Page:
The impact of the Corona Virus pandemic has been felt by most sectors of the economy. As the pandemic decimates the economy, declaring many people jobless because of downsizing of companies, a good number of youth staying close to the lower course of River Nzoia have resolved to sand mining to fend for themselves and their families.
This location of River Nzoia, which has for a long time been known to harbour different fish species including Odhadho (petrocephalus), Seu (Bagras docmac), Sire (bagrus docmac) and Ningu (gregoris labeo), is now an ideal sand harvesting location owing to the fact that these fish species have been extinct for a while in this specific area.
George Otieno, one of the area residents who has been in the sand mining business for close to two years, says that having sand deposits on the beds of the river gives hope to many people. The absence of fish is what necessitated them to find an alternative means of earning a living. According to him, they often sell the sand to middlemen who are always at the river banks sourcing for it. The middlemen then take it to different towns to sell and get other orders.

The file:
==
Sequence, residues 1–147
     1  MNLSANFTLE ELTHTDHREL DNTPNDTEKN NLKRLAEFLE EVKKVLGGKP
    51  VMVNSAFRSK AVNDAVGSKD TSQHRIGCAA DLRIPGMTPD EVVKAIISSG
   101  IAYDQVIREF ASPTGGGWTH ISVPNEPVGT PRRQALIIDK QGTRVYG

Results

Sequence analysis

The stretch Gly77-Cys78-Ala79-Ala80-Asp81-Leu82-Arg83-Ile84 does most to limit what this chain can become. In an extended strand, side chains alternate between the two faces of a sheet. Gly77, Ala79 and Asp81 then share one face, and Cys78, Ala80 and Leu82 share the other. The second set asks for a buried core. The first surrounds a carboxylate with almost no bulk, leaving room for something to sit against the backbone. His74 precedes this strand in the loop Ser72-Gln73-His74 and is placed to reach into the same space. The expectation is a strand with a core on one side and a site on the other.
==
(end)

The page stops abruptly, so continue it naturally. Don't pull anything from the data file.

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Like any other business, this too is marred with challenges from health risks to economic issues. The main challenge they face is in the process. They have no special equipment for this exercise and in most cases, the dive into the river naked not knowing the health hazards they are diving into.
“A boat is operated by two people, one dives in with a pale or a container that he uses to scoop the sand in the river bed then floats back to the surface as the other person pulls sand filled container into the boat,” he explains.
This process is done severally until the canoe is filled to capacity after which it is paddled to the river bank for emptying. Otieno notes that a 12 tonne lorry requires four full canoes to be filled and middlemen buy it at 51$. The proceeds from the sand mining are shared amongst all miners on location at the end of the day.
George is just one in hundreds of locals who have resorted to sand mining to supplement their income. In spite of the challenges they face, they hope to continue engaging in the economic activity and are now urging both the national and county governments of Kenya to provide them with diving facilities and equipment that would come in handy, not only during their normal mining operations, but also in the event of accidents such as drowning.